Supergirl S2E9 “Supergirl Lives” Takes the Show to Space with Mixed Results

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Unlike director Kevin Smith’s two stellar episodes of The Flash, his directorial debut on Supergirl is a little bit of a mixed bag. Writers Eric Carrasco, Jess Kardos, and Andrew Kreisberg give the show more of a sci-fi bent as Supergirl (in disguise as reporter Kara Danvers) and Mon-El chase down a lead on a missing girl and end up on a planet called The Slaver’s Moon. They have to liberate a coterie of missing humans from Roulette, played by a woefully underused Dichen Lachman, and the twist is that this planet has a red sun. Without her abilities to back her up, Supergirl relies on her power to inspire  Plus Mon-El has a sketchy connection to the Dominators from the “Invasion” crossover, which could play a bigger role in episodes to come.

The villains of “Supergirl Lives” are kind of an intellectual and physical snore. Roulette seemed otherwordly earlier this season when she was running an alien fighting ring, but being on another planet has kind of ruined her bite. Her scientist henchman is just plain creepy and not really threatening like an annoying guy on a subway whereas the alien guards are there to get punched over and over again by depowered Kryptonians, random civilians, and Winn. But, luckily, Supergirl has a stellar cast, and character development given to Alex Danvers, Winn, Supergirl, and especially Mon-El keeps this episode from being a disaster. Plus Ian Gomez returns as Snapper Carr, and his cynical attitude towards Kara’s reporting skills thaws just a little while he goes on a hilarious rant about wanting to be left alone with his coffee and Danish.

Up to this point, Mon-El was a character that I kind of detested as he came across as an overprivileged douche from another planet and not a good romantic match for Kara. However, in 2017, it seems like the writers have decided to make him a little likable and more heroic while using his laziness and obliviousness to some things on Earth for quick bits of humor. For example, there are running gags involving club soda and Highlights magazine that create a real bond between him and Kara to go along with their teaming up to save runaway aliens. Mon-El truly changes in “Supergirl Lives” as he goes from trying to run through the portal back home to covering the runaways’ escape routes with some well aimed blaster bolts. He is inspired by Supergirl’s optimism and willingness to take multiple energy blasts to become a hero in his own right. But his work ethic is still terrible (He takes a day off on his second day as a bartender who doesn’t know the difference between alcoholic and non-alcoholic drinks.), and his connection to the Dominators is a little unsettling. Maybe, he is not all he seems to be.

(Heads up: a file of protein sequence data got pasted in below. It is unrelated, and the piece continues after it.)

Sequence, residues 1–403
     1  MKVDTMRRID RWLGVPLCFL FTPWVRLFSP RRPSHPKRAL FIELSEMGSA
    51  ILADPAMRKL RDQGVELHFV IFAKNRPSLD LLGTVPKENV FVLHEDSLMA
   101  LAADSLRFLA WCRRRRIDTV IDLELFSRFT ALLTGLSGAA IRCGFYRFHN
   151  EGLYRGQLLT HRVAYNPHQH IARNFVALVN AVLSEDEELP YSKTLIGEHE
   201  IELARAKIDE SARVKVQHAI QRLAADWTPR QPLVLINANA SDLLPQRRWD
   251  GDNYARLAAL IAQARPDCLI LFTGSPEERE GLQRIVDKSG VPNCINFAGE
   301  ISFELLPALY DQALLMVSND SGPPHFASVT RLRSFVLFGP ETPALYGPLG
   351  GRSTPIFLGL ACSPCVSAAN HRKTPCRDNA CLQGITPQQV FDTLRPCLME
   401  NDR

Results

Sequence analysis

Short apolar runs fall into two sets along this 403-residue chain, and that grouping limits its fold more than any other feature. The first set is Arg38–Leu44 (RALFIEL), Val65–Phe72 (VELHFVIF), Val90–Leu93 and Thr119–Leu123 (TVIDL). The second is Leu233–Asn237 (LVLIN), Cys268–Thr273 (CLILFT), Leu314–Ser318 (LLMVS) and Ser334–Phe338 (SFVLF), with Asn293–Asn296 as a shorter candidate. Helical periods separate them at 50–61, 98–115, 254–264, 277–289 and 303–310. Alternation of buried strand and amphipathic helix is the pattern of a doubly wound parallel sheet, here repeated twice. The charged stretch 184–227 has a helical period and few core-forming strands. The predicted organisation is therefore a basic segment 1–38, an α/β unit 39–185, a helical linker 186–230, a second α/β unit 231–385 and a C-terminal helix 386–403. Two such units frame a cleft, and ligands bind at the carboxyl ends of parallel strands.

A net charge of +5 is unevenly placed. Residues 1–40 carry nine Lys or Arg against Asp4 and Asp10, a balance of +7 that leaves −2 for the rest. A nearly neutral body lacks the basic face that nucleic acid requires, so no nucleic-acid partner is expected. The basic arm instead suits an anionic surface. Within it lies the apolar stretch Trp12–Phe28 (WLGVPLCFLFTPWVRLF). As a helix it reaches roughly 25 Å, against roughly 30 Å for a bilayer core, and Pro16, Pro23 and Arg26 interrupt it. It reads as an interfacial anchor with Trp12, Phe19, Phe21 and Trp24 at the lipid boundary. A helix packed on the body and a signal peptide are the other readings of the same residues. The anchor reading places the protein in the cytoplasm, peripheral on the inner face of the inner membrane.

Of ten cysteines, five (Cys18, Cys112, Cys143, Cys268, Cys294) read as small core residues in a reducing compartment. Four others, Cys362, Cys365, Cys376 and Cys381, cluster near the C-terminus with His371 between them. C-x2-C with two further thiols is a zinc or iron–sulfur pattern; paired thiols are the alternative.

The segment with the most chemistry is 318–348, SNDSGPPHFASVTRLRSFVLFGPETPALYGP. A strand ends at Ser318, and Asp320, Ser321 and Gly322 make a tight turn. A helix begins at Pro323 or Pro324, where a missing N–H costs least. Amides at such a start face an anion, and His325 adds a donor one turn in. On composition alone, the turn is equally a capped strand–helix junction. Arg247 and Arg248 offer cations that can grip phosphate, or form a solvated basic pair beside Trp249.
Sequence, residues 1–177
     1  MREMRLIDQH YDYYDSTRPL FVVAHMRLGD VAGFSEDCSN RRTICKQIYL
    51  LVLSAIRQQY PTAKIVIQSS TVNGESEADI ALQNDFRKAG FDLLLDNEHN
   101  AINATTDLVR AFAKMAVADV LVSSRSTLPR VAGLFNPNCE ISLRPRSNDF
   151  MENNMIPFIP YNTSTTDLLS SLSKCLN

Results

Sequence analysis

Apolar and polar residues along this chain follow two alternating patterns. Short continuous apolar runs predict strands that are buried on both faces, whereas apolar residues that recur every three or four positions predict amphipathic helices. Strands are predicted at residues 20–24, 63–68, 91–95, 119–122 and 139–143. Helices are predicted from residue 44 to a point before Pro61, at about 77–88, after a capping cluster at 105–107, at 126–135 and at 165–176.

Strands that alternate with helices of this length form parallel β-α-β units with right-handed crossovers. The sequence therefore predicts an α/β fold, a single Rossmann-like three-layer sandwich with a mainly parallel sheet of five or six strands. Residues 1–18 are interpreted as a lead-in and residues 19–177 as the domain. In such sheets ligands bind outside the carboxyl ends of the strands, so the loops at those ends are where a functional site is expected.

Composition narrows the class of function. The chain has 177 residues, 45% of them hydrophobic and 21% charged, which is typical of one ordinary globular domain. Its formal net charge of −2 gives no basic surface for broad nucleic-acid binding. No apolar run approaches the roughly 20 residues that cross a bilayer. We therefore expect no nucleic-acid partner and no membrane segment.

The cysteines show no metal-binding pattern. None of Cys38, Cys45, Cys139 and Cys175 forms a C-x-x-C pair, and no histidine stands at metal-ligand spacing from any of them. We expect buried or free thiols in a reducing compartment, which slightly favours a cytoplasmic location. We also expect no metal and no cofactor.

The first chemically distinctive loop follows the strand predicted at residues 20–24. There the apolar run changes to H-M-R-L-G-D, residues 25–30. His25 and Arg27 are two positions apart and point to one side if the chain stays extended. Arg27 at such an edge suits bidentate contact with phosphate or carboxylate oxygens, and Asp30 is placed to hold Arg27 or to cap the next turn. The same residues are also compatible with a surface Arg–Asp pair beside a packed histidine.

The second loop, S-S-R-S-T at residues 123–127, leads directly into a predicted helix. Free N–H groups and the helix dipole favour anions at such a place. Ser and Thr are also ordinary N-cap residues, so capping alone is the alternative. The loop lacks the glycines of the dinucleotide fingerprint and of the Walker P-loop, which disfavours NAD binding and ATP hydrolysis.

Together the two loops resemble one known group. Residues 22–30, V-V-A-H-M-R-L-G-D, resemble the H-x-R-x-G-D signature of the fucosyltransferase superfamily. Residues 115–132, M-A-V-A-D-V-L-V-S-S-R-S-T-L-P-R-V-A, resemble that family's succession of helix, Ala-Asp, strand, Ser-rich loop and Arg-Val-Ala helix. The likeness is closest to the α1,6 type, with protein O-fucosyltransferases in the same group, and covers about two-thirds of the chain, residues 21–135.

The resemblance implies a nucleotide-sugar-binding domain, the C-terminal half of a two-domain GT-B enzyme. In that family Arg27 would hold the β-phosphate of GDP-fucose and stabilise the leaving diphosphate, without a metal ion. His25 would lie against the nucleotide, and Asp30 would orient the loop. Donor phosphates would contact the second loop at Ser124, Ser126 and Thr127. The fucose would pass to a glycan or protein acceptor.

Even though they gets the C-Plot of “Supergirl Lives”, Smith, Carrasco, Kardos, and Kreisberg nail the dynamic between Winn and James Olsen with all the fear, anger, and adventure of being a superhero team. The opening car chase scene featuring him, Guardian, and Supergirl gave me chills as Smith ably switched angles to show Supergirl’s epic poses and heat visions before swooping in up, close, and personal for some street level vigilante action. Also, Winn gets his face bruised, and a jewel thief puts a gun to his head.

Even though he’s relegated to comic relief for the most part in Supergirl, Jeremy Jordan channels pure fear in “Supergirl Lives” in the opening scene, and also when Alex decides to take him along as tech support. He kind of nails what I would be feeling if I had to go into action against criminals or aliens with a bit less vomiting and promptly quits being a team with Guardian. However, going on the off-planet mission gives him a surge of confidence that he shows off to James in a meeting where he is ready to go back into action as “Agent Schott, Defender of the Stars”. Alex and Winn have had a special bond in Supergirl, and her little nudge to get him into to go into the field is a nice payoff for this.

As usual, Chyler Leigh gives the best performance of Supergirl and has the most emotionally powerful arc as she struggles with her newfound happiness with Maggie Sawyer. This can be seen in the lighting used by Smith to film the morning after their first sleepover, which is filled with super cutesy, rom com-ish dialogue. But this is kind of the point. Alex has only recently come out of the closet and gone through a crazy “will they, won’t they” thing with Maggie, and it’s nice to have them pleasantly chatting over coffee. However, Alex is new to romantic relationships and feels insecure about letting Maggie into her problems rebuffing her at the DEO when Kara goes missing.

Instead of pointless drama, Carrasco, Kardos, and Kreisberg go for more nuance with Maggie and Alex’s relationship as Alex feels like she doesn’t deserve to have an amazing glow on her face when she describes Maggie as her “girlfriend”. Her work and protecting Kara has been her life so far, and she doesn’t feel like she’s entitled to this kind of relationship so Alex pushes Maggie away when she wants to help her find Kara. However, at the end of the episode, Alex realizes this is kind of ridiculous and has a cute, touching reunion with her where Maggie reveals that she knows Supergirl’s secret identity. There is room for Alex to care for both Kara and Alex in her life.

“Supergirl Lives” has a nifty car chase scene and some great hand to hand fight scenes featuring Alex Danvers, and the red filter used by Kevin Smith and Shamus Whiting-Hewlett brings out Kara’s vulnerability as she and a depowered Mon-El wander Slaver’s Moon. This combined with the strong characterization of Winn and Mon-El along with the continuing acting brilliance of Chyler Leigh balances out a weak bad guy and a yawn of an alien infiltration arc to make a decent hour of Supergirl.

Overall Rating: 7.5